Despite its mess in the UK, Tata Steel finally made some money last quarter

Looking ahead.
Looking ahead.
Image: Reuters/Danish Siddiqui
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Tata Steel has reported a profit for the first time in five quarters.

A recovery in steel prices and increased production at domestic plants helped the company make Rs230 crore in profits for the three months ending Dec. 31, 2016, the Indian steelmaker said on Feb. 07 (pdf). In the same quarter, last year, Tata Steel had reported a loss of Rs2,750 crore.

These numbers come at a time when the steelmaker’s units in UK face an uncertain future and the $103-billion Tata Group itself is going through a messy leadership change. The annual earnings reports, though, would still see a loss this financial year, according to estimates (paywall).

“The financial performance reflects strong underlying operating performance across the group in spite of a seasonally slow quarter in Europe,” Koushik Chatterjee, group executive officer, said in a press release. “While there were challenges at the working capital level due to increased prices of both raw materials and finished goods, especially in Europe, the company has been able to maintain its overall debt level at the end of the quarter,” he said.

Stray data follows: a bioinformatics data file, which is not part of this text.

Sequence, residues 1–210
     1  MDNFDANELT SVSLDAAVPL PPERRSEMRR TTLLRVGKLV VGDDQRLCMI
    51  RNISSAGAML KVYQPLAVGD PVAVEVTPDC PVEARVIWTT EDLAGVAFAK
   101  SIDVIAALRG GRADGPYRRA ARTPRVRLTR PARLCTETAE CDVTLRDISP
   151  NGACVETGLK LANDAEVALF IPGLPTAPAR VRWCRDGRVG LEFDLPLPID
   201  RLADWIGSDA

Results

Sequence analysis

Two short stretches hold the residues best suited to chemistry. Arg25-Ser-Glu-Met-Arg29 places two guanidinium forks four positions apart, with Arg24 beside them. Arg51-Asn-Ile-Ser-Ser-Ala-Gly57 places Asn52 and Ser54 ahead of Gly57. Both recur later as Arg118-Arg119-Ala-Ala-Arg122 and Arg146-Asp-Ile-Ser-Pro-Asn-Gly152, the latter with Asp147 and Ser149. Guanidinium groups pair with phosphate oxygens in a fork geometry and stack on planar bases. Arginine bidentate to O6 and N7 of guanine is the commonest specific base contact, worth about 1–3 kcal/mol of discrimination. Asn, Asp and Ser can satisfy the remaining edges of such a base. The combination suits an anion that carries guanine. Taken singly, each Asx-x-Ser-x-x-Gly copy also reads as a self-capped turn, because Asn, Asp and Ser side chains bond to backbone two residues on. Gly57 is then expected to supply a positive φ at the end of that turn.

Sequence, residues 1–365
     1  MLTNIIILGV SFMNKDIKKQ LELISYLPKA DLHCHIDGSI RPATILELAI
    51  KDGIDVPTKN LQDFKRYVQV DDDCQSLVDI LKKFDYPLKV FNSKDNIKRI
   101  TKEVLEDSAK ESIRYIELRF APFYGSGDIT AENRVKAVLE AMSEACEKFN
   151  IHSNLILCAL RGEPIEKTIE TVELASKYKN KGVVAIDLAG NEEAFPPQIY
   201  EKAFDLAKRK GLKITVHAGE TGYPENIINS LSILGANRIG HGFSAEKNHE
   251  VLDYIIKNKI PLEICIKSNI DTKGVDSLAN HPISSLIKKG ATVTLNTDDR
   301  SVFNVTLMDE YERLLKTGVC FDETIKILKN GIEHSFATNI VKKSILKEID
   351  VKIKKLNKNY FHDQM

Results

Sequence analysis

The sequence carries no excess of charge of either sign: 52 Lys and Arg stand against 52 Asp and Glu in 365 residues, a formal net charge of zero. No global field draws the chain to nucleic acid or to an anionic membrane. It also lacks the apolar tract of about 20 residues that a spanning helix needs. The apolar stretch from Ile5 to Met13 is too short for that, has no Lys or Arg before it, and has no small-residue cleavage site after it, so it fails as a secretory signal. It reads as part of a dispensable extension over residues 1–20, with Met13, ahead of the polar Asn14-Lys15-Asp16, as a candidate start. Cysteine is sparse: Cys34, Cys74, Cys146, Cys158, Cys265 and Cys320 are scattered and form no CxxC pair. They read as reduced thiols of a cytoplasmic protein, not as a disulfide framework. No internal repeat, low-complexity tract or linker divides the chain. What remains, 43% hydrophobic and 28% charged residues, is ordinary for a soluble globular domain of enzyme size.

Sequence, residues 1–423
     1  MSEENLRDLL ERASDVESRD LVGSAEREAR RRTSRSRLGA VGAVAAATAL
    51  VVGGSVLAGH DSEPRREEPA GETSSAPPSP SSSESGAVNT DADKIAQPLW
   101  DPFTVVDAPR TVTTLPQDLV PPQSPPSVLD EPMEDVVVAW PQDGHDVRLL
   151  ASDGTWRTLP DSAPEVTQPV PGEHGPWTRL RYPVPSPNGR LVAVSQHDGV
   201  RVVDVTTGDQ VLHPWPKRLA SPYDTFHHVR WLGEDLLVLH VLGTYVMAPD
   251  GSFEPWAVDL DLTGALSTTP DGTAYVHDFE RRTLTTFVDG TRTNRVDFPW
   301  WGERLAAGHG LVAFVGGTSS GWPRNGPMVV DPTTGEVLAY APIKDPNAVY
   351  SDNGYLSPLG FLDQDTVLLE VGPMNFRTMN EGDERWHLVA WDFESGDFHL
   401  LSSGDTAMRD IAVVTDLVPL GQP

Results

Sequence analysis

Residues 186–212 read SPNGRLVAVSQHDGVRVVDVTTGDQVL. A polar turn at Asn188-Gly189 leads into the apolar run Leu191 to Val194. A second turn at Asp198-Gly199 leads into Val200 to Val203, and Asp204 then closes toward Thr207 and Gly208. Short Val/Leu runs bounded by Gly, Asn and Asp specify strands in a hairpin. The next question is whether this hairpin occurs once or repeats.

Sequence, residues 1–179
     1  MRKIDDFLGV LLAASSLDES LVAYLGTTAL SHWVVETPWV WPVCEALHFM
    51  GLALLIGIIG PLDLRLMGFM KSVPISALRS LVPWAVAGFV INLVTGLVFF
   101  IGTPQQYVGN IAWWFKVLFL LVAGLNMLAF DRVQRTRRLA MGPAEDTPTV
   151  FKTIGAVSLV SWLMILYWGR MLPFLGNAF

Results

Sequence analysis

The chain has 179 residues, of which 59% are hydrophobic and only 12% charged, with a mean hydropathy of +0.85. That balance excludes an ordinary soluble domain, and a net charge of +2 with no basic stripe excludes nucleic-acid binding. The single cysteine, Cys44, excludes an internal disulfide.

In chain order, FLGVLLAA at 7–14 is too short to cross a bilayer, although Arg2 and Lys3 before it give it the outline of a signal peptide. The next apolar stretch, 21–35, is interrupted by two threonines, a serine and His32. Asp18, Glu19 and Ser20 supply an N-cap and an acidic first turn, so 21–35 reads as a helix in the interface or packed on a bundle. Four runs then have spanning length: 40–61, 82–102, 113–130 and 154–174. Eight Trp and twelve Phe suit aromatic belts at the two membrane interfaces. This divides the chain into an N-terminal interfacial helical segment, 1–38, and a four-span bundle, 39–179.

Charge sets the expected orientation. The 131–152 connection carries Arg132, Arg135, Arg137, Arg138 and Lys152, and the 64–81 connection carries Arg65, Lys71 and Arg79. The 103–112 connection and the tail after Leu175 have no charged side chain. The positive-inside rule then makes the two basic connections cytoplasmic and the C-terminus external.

The UK mess

The Mumbai-based Tata Steel said last March that it may restructure its operations in Europe and sell its plants in the UK. The company’s European operations have been bleeding for the last few years owing to a number of factors: drop in demand, cheap Chinese imports, high costs, and global oversupply. The decision to hive off the British units was reportedly one reason for the sacking of former Tata Group chairman Cyrus Mistry.

In November, Tata Steel said it had agreed to sell the UK speciality steels business to the Liberty House Group for £100 million. The firm still operates other plants in the UK, including the Port Talbot unit, Britain’s largest steelmaking facility. At these plants, the firm has struck deals with worker unions to secure jobs and production.

Meanwhile, a weak British pound, pulled down by Brexit, is helping the firm to lower cost and expand margins.

“Proposals (are) underway to structurally reduce risks and help secure a more sustainable future for UK business, including changes to the pension scheme,” the company said in an earnings presentation (pdf) on Feb. 07.